Human-wildlife conflicts are almost always human-human conflicts about wildlife

The European Wilderness Society attended the Pathways Europe 2018 conference in Goslar, Germany in September. This conference focused on the human-wildlife conflict, and the ways that we can coexist sustainably with wildlife in the future. The Book of Abstracts is now available, which includes all talks from the week.

Please also read: Livestock Protection Fencing Workshop By The Naturschutzbund Germany

The Conference

The conference discussed human dimensions of wildlife conflict from many perspectives. Attendees came from all across the globe and talks, poster sessions and workshops covered aspects of the human-wildlife conflict such as protected areas, tourism, citizen science, policy and livelihoods.

Human-Human conflicts almost always overshadow Human-Wildlife Conflict

Large carnivores are returning to many parts of Europe, after their extinction in the past few hundred years. For example a second wolf pack was just confirmed in Austria. Whilst the majority of Europeans have a positive feeling towards their return, the large carnivores are not always welcomed by everyone. This can therefore lead to conflict. One of the main universal themes of the Pathways Conference was the acknowledgement that almost all human-wildlife conflicts are overshadowed by human-human conflicts about the wildlife. Due to the strong human component such conflicts are led very emotionally. The European Union diagnosed this in their report about the main three main reasons used for arguing for hunting wolves.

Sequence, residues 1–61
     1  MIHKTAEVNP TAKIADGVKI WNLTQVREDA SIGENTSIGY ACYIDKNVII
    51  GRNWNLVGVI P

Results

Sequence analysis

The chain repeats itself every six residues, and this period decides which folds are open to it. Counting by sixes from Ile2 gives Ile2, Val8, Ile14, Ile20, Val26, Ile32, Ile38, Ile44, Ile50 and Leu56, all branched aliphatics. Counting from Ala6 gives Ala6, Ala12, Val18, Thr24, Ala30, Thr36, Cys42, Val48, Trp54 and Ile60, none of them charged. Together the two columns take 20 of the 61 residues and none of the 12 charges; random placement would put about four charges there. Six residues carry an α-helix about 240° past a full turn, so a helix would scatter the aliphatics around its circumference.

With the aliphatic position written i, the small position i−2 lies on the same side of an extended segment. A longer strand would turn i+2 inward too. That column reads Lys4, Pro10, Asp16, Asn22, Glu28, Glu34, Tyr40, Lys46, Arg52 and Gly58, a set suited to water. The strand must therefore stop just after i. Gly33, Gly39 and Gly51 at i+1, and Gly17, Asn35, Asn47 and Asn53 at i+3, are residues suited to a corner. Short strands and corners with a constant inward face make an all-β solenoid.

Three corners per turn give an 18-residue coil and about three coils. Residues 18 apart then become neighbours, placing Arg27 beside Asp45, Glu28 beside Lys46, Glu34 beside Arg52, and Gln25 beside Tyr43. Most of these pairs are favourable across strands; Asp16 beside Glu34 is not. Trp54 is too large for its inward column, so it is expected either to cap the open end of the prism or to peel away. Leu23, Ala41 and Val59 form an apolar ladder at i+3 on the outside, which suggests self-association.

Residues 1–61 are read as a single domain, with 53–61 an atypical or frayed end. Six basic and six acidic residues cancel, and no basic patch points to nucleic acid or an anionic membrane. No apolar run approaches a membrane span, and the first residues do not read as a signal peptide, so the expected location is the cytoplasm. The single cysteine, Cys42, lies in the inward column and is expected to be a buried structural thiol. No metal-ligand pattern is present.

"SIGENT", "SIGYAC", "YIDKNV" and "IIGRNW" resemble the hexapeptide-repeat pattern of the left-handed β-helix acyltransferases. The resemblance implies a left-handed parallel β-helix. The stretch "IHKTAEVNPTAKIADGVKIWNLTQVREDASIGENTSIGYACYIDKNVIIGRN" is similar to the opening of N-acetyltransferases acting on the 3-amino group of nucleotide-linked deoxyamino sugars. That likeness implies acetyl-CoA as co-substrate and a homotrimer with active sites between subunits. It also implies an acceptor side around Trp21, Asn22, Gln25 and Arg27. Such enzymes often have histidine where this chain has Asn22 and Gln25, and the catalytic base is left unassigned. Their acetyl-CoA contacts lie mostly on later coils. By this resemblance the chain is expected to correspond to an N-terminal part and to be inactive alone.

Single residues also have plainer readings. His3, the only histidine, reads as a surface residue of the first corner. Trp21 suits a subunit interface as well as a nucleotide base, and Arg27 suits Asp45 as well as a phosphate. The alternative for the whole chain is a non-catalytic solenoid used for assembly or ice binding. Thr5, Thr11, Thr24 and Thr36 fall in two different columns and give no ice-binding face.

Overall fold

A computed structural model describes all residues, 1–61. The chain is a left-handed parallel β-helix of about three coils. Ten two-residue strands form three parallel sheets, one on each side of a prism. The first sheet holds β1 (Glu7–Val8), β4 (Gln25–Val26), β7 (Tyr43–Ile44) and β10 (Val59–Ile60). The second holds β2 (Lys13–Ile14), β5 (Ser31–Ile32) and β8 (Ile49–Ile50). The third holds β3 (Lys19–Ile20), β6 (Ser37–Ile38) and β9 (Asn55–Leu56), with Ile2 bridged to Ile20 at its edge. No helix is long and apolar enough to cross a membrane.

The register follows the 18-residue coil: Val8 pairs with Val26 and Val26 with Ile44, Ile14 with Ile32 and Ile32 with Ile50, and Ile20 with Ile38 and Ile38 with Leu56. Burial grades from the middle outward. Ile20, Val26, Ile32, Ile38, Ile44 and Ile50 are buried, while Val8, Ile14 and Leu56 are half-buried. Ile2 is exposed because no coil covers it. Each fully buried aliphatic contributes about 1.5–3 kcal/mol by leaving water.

In Europe the conflict is typicalIy between the representatives of nature conversation, hunting, and shepherd organisations. It is therefore paramount that first the deep-rooted and underlying conflict is addressed. Then strategies can be developed to address the human-wildlife conflict. If these underlying disputes between the organisations are solved, the parties can then quickly agree on measures to mitigate the dispute. This was witnessed by the agreement between Shepherds, Hunters, Farmers And NGOs Agree On Common Wolf Strategy in Germany. 

The European Wilderness Society, alongside many other organisations, researchers and scientists who were present at the conference, is working towards human-wildlife coexistence. Particularly with large carnivores, who also call Wilderness their home. For example on our website we have four ways to solve wildlife conflict, and we advocate for herd management being key in the direction towards coexistence.

The program is online here, and the Book of Abstracts is available below.

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